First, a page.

WOONSOCKET — Main Street has a new business operating in the former Woonsocket Institution for Savings building at 154 Main St., and it could be a model for what the city would like to see happen in its former prime business district.
The business is the Bella Mente Counseling practice operated by Beth Mancini, a licensed clinical social worker and behavioral health counselor, in 5,500-square-feet of space on the second floor of the former bank headquarters.
To be sure, Mancini’s work creating a large, relaxing and opulently highlighted counseling suite was aided by the original layout and treatment of the banking offices on the building’s second floor but also shows a good deal of personal attention to detail nonetheless.
“She has turned it into a modern, state-of-the-art office,” Garrett Mancieri, the real estate broker connecting Mancini with landlord Tom Sprague, said of her renovation work as the office held its grand opening on Thursday.
Mayor Lisa Baldelli-Hunt pointed to Mancini’s noteworthy investment on Main Street while joining the grand opening just across the street from City Hall.
“I never expected the amount of square footage when I walked into this section of the building and it is extremely impressive, the amount of effort and work that was put in to transform it into this space,” Baldelli-Hunt said.
“It is just a true testament to the investment that Beth has in her business and in the City of Woonsocket,” the mayor offered.
“She outgrew the location that she was in and she indicated that her because her business continues to grow she wanted to be certain that she had additional space that would be available to her,” the mayor said. “I would say this is probably the nicest space I’ve seen,” Baldelli-Hunt noted, while pointing to the renovated office space as a potential model for other Main Street renovation projects.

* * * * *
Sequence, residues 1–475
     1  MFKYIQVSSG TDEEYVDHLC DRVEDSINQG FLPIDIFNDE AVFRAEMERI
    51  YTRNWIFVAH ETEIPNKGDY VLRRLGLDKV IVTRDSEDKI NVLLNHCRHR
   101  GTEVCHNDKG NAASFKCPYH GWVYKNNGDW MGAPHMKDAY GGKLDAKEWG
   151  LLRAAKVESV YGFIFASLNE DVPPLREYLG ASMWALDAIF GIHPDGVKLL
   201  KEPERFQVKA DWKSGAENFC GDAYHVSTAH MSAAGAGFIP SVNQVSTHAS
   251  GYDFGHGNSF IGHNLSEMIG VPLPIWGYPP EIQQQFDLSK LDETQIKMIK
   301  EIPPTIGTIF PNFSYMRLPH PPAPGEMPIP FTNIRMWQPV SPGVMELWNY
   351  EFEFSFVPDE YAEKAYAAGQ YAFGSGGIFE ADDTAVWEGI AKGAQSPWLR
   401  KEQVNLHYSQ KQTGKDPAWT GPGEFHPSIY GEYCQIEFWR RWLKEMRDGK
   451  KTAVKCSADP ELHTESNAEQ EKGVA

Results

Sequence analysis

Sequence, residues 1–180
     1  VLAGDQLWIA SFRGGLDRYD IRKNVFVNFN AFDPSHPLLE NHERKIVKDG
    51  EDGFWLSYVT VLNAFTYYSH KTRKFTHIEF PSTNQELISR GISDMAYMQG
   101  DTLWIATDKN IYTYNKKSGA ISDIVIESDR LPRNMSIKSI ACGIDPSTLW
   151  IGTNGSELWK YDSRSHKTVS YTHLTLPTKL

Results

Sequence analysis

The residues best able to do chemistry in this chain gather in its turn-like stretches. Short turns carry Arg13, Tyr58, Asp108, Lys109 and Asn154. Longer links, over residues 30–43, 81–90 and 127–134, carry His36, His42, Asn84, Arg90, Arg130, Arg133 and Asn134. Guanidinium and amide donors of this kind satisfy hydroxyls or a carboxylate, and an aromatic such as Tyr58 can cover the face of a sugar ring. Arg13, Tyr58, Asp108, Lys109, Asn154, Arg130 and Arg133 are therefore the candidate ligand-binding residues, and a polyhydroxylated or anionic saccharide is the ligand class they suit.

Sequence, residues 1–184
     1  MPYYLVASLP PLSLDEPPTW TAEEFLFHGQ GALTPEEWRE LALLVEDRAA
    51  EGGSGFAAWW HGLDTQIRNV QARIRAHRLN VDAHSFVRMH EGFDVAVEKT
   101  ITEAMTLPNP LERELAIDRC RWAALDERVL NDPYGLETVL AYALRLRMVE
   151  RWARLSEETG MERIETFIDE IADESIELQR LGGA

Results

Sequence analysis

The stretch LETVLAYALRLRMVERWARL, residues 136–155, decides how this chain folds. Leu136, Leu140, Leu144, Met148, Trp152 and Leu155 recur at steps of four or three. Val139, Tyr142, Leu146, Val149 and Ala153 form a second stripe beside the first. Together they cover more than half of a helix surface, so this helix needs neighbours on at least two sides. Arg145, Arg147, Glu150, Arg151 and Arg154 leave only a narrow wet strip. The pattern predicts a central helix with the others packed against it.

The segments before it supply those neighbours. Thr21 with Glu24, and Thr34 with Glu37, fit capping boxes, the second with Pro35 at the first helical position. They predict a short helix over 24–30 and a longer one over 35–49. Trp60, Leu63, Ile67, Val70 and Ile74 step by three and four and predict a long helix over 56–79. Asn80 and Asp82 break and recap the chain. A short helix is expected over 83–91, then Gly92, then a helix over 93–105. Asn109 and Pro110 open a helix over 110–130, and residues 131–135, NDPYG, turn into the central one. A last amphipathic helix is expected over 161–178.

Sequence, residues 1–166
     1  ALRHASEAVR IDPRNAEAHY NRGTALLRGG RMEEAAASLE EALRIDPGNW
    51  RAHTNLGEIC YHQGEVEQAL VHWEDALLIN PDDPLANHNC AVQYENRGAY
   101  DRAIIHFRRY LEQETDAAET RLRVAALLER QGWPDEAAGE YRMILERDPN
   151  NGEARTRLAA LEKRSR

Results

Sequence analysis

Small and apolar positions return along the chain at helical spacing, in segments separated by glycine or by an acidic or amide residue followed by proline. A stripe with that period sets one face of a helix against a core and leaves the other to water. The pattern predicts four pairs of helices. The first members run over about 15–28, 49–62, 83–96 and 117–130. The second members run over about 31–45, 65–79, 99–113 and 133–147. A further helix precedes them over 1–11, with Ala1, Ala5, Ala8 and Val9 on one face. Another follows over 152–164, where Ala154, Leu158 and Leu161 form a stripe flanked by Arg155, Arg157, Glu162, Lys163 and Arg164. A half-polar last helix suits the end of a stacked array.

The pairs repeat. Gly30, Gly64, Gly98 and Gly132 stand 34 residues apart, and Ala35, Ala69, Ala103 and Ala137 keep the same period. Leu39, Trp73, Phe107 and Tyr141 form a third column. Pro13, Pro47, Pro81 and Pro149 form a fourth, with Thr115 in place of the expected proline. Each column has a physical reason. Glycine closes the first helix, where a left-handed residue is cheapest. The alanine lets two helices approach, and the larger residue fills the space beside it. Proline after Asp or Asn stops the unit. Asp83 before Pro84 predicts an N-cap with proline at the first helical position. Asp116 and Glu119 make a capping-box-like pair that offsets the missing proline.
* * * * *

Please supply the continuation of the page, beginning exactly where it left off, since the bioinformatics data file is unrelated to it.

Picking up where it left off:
“She has incredible taste and she has a talent in renovating and decorating in general so clearly your walking into an area where No. 1, you’re feeling welcome, you’re feeling calm, and you’re feeling very comfortable – so she did an outstanding job,” Baldelli-Hunt said.
Mancini is the longtime girlfriend of Steve Lima, the city’s planning and development director, and he also saw her work at 154 Main St. as good news for Main Street overall.
“The mayor and I have talked about how we would like to get some nice, modern looking, new style businesses on Main Street because it would bring a lot of new people into the Main Street area,” he said.
Mancini’s business is an example of what can be done to that effect, he noted. “Anything that can bring Main Street back, I think that is important,” Lima said.
Sprague, a principal in the Museum of Broadcast Technology located next door at 144 Main St., also praised Mancini’s renovation work on Thursday.
“It was a nice space to start with because when it was built 50 years ago, it was the executive office Woonsocket Institution for Savings,” Sprague said.
Many of the features of the second floor of 154 Main Street, the high quality trim and fixtures, were already in place and just in needed of new paint or refurbishment, according to Sprague. The new flooring, ceilings, color scheme and office furnishings were all Mancini.
“She did an excellent job,” Sprague said of Mancini rework of the bank’s former mortgage origination department and executive offices.
“She didn’t do what I would have done, but she did what she wants and needs which is actually the right way to do it,” he said.
“You have the tenant come into the raw space and develop it so that it’s their vision and not the landlord’s vision,” Sprague said.
“You need the right landlord and the right tenant and you have work together, and if you do that then you can develop the space very nicely in a way that works for everyone, and probably fairly economically,” Sprague added.
Before she snipped the ribbon for the office opening, Mancini took time to thank everyone involved in getting her renovation project completed-- her family, her friends, her clients, Baldelli-Hunt, the city council, Sue Morin, another counselor on Main Street who helped her get her independent practice running, and all the people giving their time and energy to the project.
“I was raised in Worcester, moved to Sutton, and moved to Rhode Island just about ten years ago and never thought that one day I would be opening a practice the city, but here I am doing just that,” Mancini said.
A clinical social worker for 25 years who had been regional director of behavioral health services for Metro West Medical Center before setting out on her own, Mancini credited Morin with giving her the initial office space she needed to start growing her practice and also Lima, his family and her own for supporting her through the development of her new business endeavor “in more ways than I could ever count,” she said.